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Tesla Model Y owner files formal complaint: ‘The car by itself took control’

The National Highway Traffic Safety Administration will investigate the FSD-related car crash

Tesla Model Y owner files formal complaint: ‘The car by itself took control’
Ioanna Lykiardopoulou
Story by

Ioanna Lykiardopoulou

Ioanna is a writer at SHIFT. She likes the transition from old to modern, and she's all about shifting perspectives. Ioanna is a writer at SHIFT. She likes the transition from old to modern, and she's all about shifting perspectives.

An anonymous owner of a 2021 Tesla Model Y has filed a complaint at the National Highway Traffic Safety Administration (NHTSA), reporting their vehicle crashed while the Full Self-Driving Beta was engaged.

The accident took place on November 3, somewhere in Brea, California. Fortunately, there were no injuries or fatalities, but disturbingly enough, the owner blames the FSD for causing the crash. Specifically, the car kept entering the wrong lane and didn’t respond to driver input.

This is the driver’s statement on NHTSA’s official page:

The Vehicle was in FSD Beta mode and while taking a left turn the car went into the wrong lane and I was hit by another driver in the lane next to my lane.

The car gave an alert 1/2 way through the turn so I tried to turn the wheel to avoid it from going into the wrong lane but the car by itself took control and forced itself into the incorrect lane creating an unsafe maneuver putting everyone involved at risk. Car is severely damaged on the driver side.

Tesla crash FSD NHTSA
Credit: NHTSA

That’s strange. And frightening, to be honest.

We’ve seen previously FSD causes Teslas to attempt to enter wrong lanes, and disengage the featur abruptly, but to withhold control of the car? That’s a first.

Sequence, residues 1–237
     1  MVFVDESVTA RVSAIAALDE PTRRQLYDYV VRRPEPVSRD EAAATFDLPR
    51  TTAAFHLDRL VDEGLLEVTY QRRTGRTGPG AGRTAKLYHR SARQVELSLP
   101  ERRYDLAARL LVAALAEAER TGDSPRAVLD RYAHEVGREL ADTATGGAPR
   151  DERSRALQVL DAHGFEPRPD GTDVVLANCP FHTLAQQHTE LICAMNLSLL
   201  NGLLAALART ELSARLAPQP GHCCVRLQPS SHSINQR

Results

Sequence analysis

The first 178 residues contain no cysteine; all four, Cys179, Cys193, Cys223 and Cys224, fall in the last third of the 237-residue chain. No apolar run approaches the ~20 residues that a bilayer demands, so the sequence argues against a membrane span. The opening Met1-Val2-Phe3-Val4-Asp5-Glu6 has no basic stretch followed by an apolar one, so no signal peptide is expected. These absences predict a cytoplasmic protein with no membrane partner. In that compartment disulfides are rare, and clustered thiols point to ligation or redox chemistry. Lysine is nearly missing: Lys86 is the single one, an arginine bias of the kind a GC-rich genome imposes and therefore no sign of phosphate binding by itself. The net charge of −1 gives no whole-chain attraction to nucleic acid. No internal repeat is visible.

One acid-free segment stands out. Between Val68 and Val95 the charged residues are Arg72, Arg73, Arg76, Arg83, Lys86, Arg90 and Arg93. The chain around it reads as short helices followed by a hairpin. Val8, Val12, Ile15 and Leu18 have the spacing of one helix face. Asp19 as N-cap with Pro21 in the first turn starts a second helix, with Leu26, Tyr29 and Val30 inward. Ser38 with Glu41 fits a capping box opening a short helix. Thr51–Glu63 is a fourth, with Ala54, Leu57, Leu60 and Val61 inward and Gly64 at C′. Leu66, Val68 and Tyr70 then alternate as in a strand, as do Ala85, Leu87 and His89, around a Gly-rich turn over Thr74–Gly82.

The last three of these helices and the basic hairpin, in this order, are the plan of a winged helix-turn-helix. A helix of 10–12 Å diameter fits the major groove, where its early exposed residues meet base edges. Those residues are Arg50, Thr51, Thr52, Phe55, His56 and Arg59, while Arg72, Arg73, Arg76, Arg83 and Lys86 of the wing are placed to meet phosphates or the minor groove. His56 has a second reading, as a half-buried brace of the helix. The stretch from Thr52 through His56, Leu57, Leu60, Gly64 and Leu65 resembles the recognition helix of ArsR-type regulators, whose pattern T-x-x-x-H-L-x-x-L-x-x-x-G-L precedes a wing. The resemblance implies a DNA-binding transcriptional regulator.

A driver should always be able to take control the vehicle and steer it out of a dangerous situation, and FSD is supposed to deactivate when force is applied to the wheel. 

Extra worries for NHTSA

While NHTSA needs to further investigate the accident and validate the complaint (in case it’s a fake report), this incident will only add to the agency’s trust issues with Tesla software if the allegations are found to be true.

In October, Tesla recalled nearly 11,704 vehicles after identifying a software error that could cause a false forward-collision warning or unexpected activation of the automatic emergency brake system. 

In its safety recall report, the agency said that Tesla “uninstalled FSD 10.3 after receiving reports of inadvertent activation of the automatic emergency braking system” and then “updated the software and released FSD version 10.3.1 to those vehicles affected.”

And let’s not forget that NHTSA in August opened a probe on Tesla’s Autopilot software, citing the cars’ repeated collisions with parked first-responder vehicles.

So, how can we not mistrust Tesla’s semi-autonomous software? After all, the company itself has bluntly warned about its limitations.

Beta 9’s release notes are my favorite regarding FSD:

It may do the wrong thing at the worst time, so you must always keep your hands on the wheel and pay extra attention on the road.

The problem here is, dear Tesla, what if I can’t take control of the car in case it chooses to do “the wrong thing at the worst time?”

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